↓ Skip to main content

The PIN-FORMED (PIN) protein family of auxin transporters

Overview of attention for article published in Genome Biology (Online Edition), January 2009
Altmetric Badge

About this Attention Score

  • In the top 25% of all research outputs scored by Altmetric
  • High Attention Score compared to outputs of the same age (86th percentile)
  • Average Attention Score compared to outputs of the same age and source

Mentioned by

twitter
2 tweeters
patent
2 patents
wikipedia
2 Wikipedia pages

Citations

dimensions_citation
358 Dimensions

Readers on

mendeley
579 Mendeley
citeulike
4 CiteULike
You are seeing a free-to-access but limited selection of the activity Altmetric has collected about this research output. Click here to find out more.
Title
The PIN-FORMED (PIN) protein family of auxin transporters
Published in
Genome Biology (Online Edition), January 2009
DOI 10.1186/gb-2009-10-12-249
Pubmed ID
Authors

Pavel Křeček, Petr Skůpa, Jiří Libus, Satoshi Naramoto, Ricardo Tejos, Jiří Friml, Eva Zažímalová

Abstract

The PIN-FORMED (PIN) proteins are secondary transporters acting in the efflux of the plant signal molecule auxin from cells. They are asymmetrically localized within cells and their polarity determines the directionality of intercellular auxin flow. PIN genes are found exclusively in the genomes of multicellular plants and play an important role in regulating asymmetric auxin distribution in multiple developmental processes, including embryogenesis, organogenesis, tissue differentiation and tropic responses. All PIN proteins have a similar structure with amino- and carboxy-terminal hydrophobic, membrane-spanning domains separated by a central hydrophilic domain. The structure of the hydrophobic domains is well conserved. The hydrophilic domain is more divergent and it determines eight groups within the protein family. The activity of PIN proteins is regulated at multiple levels, including transcription, protein stability, subcellular localization and transport activity. Different endogenous and environmental signals can modulate PIN activity and thus modulate auxin-distribution-dependent development. A large group of PIN proteins, including the most ancient members known from mosses, localize to the endoplasmic reticulum and they regulate the subcellular compartmentalization of auxin and thus auxin metabolism. Further work is needed to establish the physiological importance of this unexpected mode of auxin homeostasis regulation. Furthermore, the evolution of PIN-based transport, PIN protein structure and more detailed biochemical characterization of the transport function are important topics for further studies.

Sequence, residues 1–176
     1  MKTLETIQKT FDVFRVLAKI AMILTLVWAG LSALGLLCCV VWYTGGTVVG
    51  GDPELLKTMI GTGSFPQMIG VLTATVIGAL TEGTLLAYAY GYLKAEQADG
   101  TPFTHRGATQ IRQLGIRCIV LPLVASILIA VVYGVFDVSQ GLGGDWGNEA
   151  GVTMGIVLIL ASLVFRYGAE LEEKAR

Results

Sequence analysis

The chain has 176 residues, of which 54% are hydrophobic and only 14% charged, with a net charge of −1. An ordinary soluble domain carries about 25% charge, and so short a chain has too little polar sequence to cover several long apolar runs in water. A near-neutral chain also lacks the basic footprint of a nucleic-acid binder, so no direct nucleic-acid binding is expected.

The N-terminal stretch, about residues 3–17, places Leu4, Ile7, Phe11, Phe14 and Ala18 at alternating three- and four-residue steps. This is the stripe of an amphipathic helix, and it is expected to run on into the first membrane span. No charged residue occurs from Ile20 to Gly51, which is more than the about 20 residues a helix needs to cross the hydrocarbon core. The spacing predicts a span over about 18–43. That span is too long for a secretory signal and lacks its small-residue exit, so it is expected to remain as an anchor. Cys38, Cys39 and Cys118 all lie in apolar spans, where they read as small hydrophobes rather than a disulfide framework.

Twitter Demographics

The data shown below were collected from the profiles of 2 tweeters who shared this research output. Click here to find out more about how the information was compiled.

Mendeley readers

The data shown below were compiled from readership statistics for 579 Mendeley readers of this research output. Click here to see the associated Mendeley record.

Geographical breakdown

Country Count As %
France 4 <1%
United States 3 <1%
Sweden 2 <1%
Japan 2 <1%
Czechia 2 <1%
Norway 1 <1%
Netherlands 1 <1%
Chile 1 <1%
New Zealand 1 <1%
Other 6 1%
Unknown 556 96%

Demographic breakdown

Readers by professional status Count As %
Student > Ph. D. Student 143 25%
Researcher 92 16%
Student > Master 91 16%
Student > Bachelor 87 15%
Student > Doctoral Student 32 6%
Other 74 13%
Unknown 60 10%
Readers by discipline Count As %
Agricultural and Biological Sciences 342 59%
Biochemistry, Genetics and Molecular Biology 133 23%
Chemistry 7 1%
Physics and Astronomy 4 <1%
Environmental Science 4 <1%
Other 19 3%
Unknown 70 12%

Attention Score in Context

This research output has an Altmetric Attention Score of 10. This is our high-level measure of the quality and quantity of online attention that it has received. This Attention Score, as well as the ranking and number of research outputs shown below, was calculated when the research output was last mentioned on 22 May 2020.
All research outputs
#2,255,682
of 17,355,315 outputs
Outputs from Genome Biology (Online Edition)
#1,842
of 3,593 outputs
Outputs of similar age
#47,085
of 340,717 outputs
Outputs of similar age from Genome Biology (Online Edition)
#5
of 6 outputs
Altmetric has tracked 17,355,315 research outputs across all sources so far. Compared to these this one has done well and is in the 86th percentile: it's in the top 25% of all research outputs ever tracked by Altmetric.
So far Altmetric has tracked 3,593 research outputs from this source. They typically receive a lot more attention than average, with a mean Attention Score of 26.6. This one is in the 48th percentile – i.e., 48% of its peers scored the same or lower than it.
Older research outputs will score higher simply because they've had more time to accumulate mentions. To account for age we can compare this Altmetric Attention Score to the 340,717 tracked outputs that were published within six weeks on either side of this one in any source. This one has done well, scoring higher than 86% of its contemporaries.
We're also able to compare this research output to 6 others from the same source and published within six weeks on either side of this one.